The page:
Radical Islamist units in Syria are sidelining more moderate groups that do not share the Islamists' goal of establishing a supreme religious leadership in the country. Special Report
Arab League raps Syria again: no call on U.N. for now
CAIRO (Reuters) - The Arab League has urged the Syrian government to end its violence against protesters and allow League monitors in the country to work more freely, but stopped short of asking the U.N. to help.
The arrival last month of the monitors in Syria to judge whether the government was honouring a pledge to end a crackdown on a popular revolt has not ended the violence, in which the United Nations says more than 5,000 people have been killed.
After a progress meeting in Cairo on Sunday, the Arab League group on Syria said the government had only partly implemented a promise to stop the crackdown, free those jailed during the crisis and withdraw its troops from cities.
In its closing communique, the League said it would increase the number of monitors from the present 165 and give them more resources, ignoring calls to end what pro-democracy campaigners say is a toothless mission that buys more time for Syrian President Bashar al-Assad to suppress opponents.
Arab League officials said the continuation of the mission, due to make a full report on January 19, depended on the Syrian government's commitment to ending violence and honouring its promises. League foreign ministers will discuss the findings on January 19-20.
"If the ... report comes out saying the violence has not stopped, the Arab League will have a responsibility to act on that ... We have to be clear and honest with the Syrian people," Qatari Prime Minister Sheikh Hamad bin Jassim al-Thani told a news conference after the meeting.
He did not say what the Arab League might do, but Assad's failure to abide by the peace plan resulted in Syria's suspension from the 22-member regional body in November.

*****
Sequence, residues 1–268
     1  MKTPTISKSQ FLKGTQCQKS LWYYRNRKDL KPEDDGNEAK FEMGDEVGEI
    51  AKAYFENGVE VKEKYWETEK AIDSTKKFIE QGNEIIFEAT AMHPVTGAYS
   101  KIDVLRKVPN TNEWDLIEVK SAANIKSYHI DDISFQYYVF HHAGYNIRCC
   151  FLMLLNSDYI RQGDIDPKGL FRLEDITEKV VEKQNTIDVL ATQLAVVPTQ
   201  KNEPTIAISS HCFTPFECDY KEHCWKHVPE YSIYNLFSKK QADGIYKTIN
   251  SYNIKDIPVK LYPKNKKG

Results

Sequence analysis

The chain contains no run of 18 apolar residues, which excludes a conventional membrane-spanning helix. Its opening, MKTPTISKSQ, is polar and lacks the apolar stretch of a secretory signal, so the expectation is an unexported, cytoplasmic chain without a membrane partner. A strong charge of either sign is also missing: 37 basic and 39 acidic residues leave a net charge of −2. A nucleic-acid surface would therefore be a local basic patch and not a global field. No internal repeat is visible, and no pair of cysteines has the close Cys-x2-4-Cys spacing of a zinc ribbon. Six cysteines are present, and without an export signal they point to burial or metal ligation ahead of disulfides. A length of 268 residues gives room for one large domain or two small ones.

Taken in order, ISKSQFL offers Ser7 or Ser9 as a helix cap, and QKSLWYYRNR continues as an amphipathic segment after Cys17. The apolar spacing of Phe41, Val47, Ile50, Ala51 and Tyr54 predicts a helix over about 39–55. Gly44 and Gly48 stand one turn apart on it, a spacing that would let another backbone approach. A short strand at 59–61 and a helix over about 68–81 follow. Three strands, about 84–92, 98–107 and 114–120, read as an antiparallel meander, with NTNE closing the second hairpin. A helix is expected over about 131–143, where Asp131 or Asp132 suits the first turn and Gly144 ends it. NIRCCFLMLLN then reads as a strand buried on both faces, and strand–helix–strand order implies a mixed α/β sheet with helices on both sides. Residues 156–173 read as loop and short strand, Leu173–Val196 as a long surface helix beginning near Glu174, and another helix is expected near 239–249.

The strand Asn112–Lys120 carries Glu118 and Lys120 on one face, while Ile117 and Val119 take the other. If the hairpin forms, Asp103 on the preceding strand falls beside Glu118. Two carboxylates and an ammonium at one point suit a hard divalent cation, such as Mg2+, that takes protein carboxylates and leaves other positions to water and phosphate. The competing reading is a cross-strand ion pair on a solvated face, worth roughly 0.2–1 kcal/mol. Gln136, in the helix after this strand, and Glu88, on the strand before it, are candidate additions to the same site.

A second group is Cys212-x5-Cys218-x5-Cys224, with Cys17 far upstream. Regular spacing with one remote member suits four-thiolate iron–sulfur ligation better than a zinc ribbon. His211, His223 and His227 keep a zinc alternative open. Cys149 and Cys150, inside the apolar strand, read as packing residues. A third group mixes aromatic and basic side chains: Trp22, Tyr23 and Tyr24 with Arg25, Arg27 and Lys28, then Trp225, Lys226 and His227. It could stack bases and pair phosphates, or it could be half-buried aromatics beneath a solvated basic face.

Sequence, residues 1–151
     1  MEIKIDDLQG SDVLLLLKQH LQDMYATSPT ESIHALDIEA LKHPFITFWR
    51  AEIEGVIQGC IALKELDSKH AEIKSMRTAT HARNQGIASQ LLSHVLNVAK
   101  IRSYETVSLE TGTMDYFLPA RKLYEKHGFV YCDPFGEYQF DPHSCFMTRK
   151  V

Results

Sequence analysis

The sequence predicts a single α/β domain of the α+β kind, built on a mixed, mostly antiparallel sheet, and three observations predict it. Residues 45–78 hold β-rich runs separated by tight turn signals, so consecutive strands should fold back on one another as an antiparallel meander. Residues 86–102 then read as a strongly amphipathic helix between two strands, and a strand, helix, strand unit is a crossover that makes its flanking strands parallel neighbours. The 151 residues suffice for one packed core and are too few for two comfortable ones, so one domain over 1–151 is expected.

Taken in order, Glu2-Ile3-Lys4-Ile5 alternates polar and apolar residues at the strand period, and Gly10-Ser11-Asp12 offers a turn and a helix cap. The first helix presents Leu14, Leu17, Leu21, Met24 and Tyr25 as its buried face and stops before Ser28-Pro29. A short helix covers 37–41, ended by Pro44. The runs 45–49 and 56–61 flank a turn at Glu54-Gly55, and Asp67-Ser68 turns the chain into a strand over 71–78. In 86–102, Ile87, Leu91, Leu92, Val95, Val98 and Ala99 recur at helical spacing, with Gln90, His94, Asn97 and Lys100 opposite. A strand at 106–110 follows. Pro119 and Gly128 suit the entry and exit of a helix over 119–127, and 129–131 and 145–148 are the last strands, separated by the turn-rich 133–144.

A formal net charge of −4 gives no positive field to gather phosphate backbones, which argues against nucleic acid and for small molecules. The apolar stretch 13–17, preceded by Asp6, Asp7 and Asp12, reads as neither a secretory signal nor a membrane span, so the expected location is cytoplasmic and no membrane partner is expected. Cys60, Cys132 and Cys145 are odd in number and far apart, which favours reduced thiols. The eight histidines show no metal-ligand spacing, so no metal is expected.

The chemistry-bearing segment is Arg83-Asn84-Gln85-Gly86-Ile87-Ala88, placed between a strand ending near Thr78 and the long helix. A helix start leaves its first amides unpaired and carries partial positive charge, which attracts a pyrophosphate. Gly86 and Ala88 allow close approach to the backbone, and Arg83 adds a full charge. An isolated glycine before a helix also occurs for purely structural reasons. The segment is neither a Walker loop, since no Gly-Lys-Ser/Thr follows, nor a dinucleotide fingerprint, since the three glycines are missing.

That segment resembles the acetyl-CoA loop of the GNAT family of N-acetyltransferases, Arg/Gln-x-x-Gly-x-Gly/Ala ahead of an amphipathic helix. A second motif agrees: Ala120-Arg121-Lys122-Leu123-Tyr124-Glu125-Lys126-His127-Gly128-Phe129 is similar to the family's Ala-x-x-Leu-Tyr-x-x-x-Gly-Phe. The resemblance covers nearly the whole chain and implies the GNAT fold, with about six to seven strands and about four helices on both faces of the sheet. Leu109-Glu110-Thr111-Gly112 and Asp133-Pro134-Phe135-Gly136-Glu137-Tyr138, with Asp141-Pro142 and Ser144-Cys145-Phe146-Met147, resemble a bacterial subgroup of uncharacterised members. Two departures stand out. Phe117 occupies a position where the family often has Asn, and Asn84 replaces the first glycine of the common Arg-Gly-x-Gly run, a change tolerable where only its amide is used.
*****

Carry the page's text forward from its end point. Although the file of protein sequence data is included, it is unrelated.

The Arab plan also called for Assad's government to permit peaceful protests, start dialogue with political opponents and allow foreign media to travel freely to the country. Syria agreed, but the pledge remains unfulfilled.
Qatar, which chairs the group and has been critical of the mission's performance, had proposed inviting U.N. technicians and human rights experts to help Arab monitors assess whether Syria was honouring its pledges.
"We have not yet agreed to send individuals," Sheikh Hamad said. Asked if this could happen in the future, he said: "it depends on how events develop."
The Arab League communique called on the Syrian opposition to present its political vision for the country's future, and asked the League's secretary general to convene a Syrian opposition meeting.
About 50 protesters gathered outside the Cairo hotel where the meeting was held, singing: "The people want the president dead" and "Down, down with Bashar". Some waved posters showing Assad as a vampire sucking the Syrian people's blood.
Syrian opposition activists criticised the Arab League's failure to take a firmer line against Assad.
Some Syrian opposition groups hope a failure of the mission might open the way to foreign military intervention like that which helped topple Libya's Muammar Gaddafi last year.
But Arab League Secretary General Nabil Elaraby said that while the Syrian opposition had asked for the case to be referred to the U.N. Security Council, there was no international appetite for military intervention in Syria.
In Syria, security forces and pro-Assad militiamen killed seven people on Sunday in and around the central city of Homs, the Syrian Observatory for Human Rights said.
Another opposition organisation, the Local Coordination Committees, put Sunday's death toll at 14, including 10 in Homs.
The Free Syrian Army, an armed opposition force composed mainly of army deserters, has joined the 10-month revolt, which has turned increasingly violent. The government says "terrorists" have killed 2,000 members of the security forces during the uprising.
(Editing by Andrew Roche)
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